Tuesday, November 15, 2011

The Danse Macabre Collection

woodcut of danse macabre gravedigger in cemetery
Title: Der Tod von Basel : acht Holzschnitte von Rudolf Schiestl zu dem alten Volksliede [LINK]
Author: Rudolf Schiestl, 1924

totentanz skeleton in suit laughs, derailing train
Title: Ein moderner Totentanz : dreiundzwanzig Blätter aus dem Bilderbuch des Todes [LINK]
Author: Tobias Weiss, 1913

lithograph of danse macabre figure taking young man to death

litho of death in form of skeleton taking knight
Title: La Danse des Morts à Bâle [LINK]
Illustrator: (after) Hans Holbein, 1846

dancing skeletons inside triangular illustration border
Title: The dance of death on the Muhlenbruke at Lucerne [LINK]
Author: Caspar Meglinger, 1893

silhouette of death's dance figure downing WWI plane

danse macabre silhouette figure dressed as lady takes upper class gent to death

silhouette of danse macabre skeleton
Title: Ein Totentanz [LINK]
Authors: Walter Draesner & Max von Boehn, 1922

winged totentanz figure in sky

death's dance skeleton puts carpenter into casket

death's dance figure with sword stands behind blindfolded young person
Title: Bilder des Todes oder Todtentanz für alle Stände [LINK]
Illustrator / Author: Johann Gottfried Flegel / Carl Merkel, 1850

line drawing of death's dance in middle of war
Title: Auch ein Todtentanz [LINK]
Author: Alfred Rethel & Robert Reinick, 1902

skeleton - danse macabre figure - in rocking chair
Title: Daud un Düwel [LINK]
Author / Illustrator: Karl Wagenfeld / August Heumann, 1919

many dance of death skeletons celebrate, blowing horns and wearing headdresses
Title: Schau-Platz des Todes oder Todten-Tanz in Kupffern und Versen vorgestellet [LINK]
Author: Salomon van Rusting, 1736

The Heinrich Hein University of Düsseldorf recently uploaded the Graphiksammlung „Mensch und Tod“ (Danse Macabre Collection). There are more than ninety books available, many of them from the later (lesser known) Totentanz / Death's Dance period. The complete books are available for all but one or two of the entries.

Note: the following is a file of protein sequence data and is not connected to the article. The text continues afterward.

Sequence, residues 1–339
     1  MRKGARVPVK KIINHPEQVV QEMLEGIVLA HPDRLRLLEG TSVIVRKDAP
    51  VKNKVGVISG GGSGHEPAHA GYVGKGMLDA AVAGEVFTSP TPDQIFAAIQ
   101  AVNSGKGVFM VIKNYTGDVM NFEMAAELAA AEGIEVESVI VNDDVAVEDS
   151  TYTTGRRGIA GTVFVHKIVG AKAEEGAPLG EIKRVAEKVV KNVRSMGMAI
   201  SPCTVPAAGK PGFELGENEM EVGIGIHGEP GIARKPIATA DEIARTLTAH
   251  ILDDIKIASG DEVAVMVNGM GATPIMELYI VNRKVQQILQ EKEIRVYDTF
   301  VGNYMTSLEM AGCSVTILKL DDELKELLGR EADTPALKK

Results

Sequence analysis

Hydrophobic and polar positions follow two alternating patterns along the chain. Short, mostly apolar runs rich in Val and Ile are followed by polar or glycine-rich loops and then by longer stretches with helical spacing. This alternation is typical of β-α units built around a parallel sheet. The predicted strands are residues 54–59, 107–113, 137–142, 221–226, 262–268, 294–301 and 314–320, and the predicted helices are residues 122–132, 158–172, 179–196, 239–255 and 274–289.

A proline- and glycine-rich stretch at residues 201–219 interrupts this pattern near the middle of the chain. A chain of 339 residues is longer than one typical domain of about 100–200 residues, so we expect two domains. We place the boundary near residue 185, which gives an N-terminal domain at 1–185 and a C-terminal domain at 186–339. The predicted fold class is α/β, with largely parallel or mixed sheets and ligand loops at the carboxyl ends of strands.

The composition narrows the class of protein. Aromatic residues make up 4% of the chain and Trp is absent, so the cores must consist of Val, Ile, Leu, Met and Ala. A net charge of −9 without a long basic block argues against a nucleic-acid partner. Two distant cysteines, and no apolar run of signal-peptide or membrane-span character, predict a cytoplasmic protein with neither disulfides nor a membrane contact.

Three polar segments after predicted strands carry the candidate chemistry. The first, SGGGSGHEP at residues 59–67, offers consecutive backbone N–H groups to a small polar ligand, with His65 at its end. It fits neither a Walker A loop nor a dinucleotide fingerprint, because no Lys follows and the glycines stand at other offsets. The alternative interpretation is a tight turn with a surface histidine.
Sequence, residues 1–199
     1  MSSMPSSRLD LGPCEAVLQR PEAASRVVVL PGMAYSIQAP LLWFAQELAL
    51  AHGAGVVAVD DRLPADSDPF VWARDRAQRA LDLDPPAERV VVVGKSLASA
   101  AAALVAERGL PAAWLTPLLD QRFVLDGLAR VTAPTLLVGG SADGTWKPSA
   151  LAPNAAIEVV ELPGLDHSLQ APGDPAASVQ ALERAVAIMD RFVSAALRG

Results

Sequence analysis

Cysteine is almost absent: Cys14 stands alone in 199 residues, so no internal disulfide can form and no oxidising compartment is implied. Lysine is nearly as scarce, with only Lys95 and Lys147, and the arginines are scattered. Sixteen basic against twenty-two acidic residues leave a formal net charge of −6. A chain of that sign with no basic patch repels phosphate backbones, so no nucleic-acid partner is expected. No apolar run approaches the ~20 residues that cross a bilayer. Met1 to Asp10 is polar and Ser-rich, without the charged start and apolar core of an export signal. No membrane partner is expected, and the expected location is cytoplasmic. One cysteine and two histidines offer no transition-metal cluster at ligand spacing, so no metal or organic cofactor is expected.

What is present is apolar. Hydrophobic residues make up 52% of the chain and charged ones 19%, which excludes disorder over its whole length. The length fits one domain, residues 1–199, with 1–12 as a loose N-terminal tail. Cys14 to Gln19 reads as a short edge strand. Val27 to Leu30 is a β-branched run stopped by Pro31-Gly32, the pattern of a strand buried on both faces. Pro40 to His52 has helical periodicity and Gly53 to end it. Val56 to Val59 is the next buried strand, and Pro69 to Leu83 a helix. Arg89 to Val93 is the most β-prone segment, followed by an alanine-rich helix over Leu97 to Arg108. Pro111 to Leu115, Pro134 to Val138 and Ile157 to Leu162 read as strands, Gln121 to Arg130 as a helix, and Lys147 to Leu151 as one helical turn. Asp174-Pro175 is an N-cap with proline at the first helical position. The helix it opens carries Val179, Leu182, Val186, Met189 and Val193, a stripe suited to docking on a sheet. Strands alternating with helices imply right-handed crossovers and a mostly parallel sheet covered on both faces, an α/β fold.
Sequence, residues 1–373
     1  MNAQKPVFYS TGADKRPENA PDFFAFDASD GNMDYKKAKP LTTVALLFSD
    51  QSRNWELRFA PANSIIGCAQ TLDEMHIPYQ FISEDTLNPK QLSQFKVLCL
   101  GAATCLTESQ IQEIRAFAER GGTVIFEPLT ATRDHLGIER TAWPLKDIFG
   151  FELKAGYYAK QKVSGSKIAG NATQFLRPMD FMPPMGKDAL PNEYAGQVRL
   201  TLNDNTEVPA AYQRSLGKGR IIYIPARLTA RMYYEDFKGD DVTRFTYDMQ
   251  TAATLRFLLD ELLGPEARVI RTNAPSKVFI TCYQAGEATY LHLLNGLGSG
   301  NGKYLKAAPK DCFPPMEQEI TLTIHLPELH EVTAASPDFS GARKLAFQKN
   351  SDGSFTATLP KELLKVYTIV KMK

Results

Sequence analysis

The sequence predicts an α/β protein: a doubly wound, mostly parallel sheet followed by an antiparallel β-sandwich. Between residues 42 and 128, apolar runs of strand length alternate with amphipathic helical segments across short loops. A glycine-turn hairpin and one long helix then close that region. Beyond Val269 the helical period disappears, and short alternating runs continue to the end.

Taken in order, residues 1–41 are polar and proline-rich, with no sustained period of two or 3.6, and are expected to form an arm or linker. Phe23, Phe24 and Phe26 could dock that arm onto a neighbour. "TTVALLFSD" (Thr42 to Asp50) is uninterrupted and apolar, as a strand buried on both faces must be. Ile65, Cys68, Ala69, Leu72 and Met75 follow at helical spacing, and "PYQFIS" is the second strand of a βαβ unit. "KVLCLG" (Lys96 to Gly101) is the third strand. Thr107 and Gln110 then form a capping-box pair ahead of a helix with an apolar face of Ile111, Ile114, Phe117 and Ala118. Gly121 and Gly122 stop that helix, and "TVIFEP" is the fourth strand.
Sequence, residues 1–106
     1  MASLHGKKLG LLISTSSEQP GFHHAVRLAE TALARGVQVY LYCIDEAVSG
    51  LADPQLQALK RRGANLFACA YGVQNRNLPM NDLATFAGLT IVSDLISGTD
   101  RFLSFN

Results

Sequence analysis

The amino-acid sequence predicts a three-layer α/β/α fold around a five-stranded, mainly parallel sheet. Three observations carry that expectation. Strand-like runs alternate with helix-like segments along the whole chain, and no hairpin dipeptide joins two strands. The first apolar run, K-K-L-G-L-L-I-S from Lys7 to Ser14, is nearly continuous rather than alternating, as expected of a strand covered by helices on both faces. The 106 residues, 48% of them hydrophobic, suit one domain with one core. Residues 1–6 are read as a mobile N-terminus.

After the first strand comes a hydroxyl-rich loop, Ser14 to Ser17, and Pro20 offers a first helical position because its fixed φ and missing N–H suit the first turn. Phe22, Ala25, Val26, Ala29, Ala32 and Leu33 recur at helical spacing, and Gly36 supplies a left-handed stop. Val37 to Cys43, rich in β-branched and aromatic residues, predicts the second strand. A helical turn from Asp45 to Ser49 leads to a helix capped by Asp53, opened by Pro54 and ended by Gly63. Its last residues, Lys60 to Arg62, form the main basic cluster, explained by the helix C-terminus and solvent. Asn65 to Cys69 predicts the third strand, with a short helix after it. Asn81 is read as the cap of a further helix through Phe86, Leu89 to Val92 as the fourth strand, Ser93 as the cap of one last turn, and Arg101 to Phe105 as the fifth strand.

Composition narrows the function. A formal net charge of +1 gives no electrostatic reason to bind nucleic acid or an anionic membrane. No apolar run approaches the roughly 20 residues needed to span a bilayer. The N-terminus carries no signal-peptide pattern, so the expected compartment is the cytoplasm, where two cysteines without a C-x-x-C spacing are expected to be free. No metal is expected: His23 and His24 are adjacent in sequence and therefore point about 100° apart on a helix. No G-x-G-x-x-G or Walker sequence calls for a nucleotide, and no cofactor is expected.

Previous related entries (the first 3 in particular have a lot of background and links about the Death's Dance genre):
Heidelberger Totentanz ::: Death's Dance ::: Totentanz Blockbook ::: Ars Moriendi ::: Los Calaveras de Posada ::: The Day of The Dead - Papercuts ::: The Antikamnia Chemical Company ::: Speculum Musico-Mortuale.

UPDATE: See the Wurzeltod post: A Mid-November's Dance of Death in which the inimitable Suzanne puts some personal flesh on the bones of 'Bilder des Todes oder Todtentanz für alle Stände' by Carl Merkel & Johann Gottfried Flegel.


Anonymous said...

What a great dancer he is.
Another great dance macabre is here:
The gentleman picture of him in the end is the hit!

Katrine K said...

Love this, thanks for sharing!

julesvm said...

made this a couple years back:

Francois Carstens said...

The last image, title "Schau-Platz des Todes..." was totally used in the movie "Madagascar".

Other than that, this is a spine chilling collection.

David said...

Todentanz's association with the Black Death seems to be overlooked.
The fact that it killed about half of Europeans had much to do with this morbid obsession.

peacay said...

David, do you mean overlooked within this post here?? At the bottom you'll see I've left a whole bunch of links as I've covered this territory in some depth previously.

To quote myself (which I didn't really want to do in this entry because it's all laid out in many, many sites):

::::"The Dance of Death or 'Le Danse Macabre' or 'Totentanz' or 'la Danza de la Muerte' was an artistic response across Europe to the devastation brought about by the plague or black death.

Although the origins are obscure, the idea of death visiting households without regard for social or economic status arose as a cultural phenomenon by way of dramatic plays. {Dante and Petrarch are mentioned as possible examples} The inevitablity of death was a reminder to be prepared by living a pious life: 'Memento Mori' -- 'Remember You Will Die'."::::


After writing the above it occurred to me that you meant that the choice of images for this post weren't reflective of the origins? Is that what you're getting at? Because the only reason I bothered to cover this topic again was because the imagery was different to the traditional Holbein (et al) originals (mostly). I like that this genre has traversed centuries and countries and has been morphed into wildly different manifestations that might merely nod in reference to their antecedents.

peacay said...

Oh, that quote was from the Heidelberger Totentanz post (NOW with upsized visuality!!)

Unknown said...

JUBINAL, Achille (1810-1875) : La Danse des morts de la Chaise-Dieu : fresque inédite du XVe siècle.- Troisième édition.- Paris : Librairie archéologique de Didron, 1862.- 20 p.- 4 f. de pl. dépl. : ill. ; 28 cm.


peacay said...

Thanks for that Olivier.
Those plates at the bottom of the page are wonderful.

Suzanne said...

You're so sweet for always pimpin me, PK! :)

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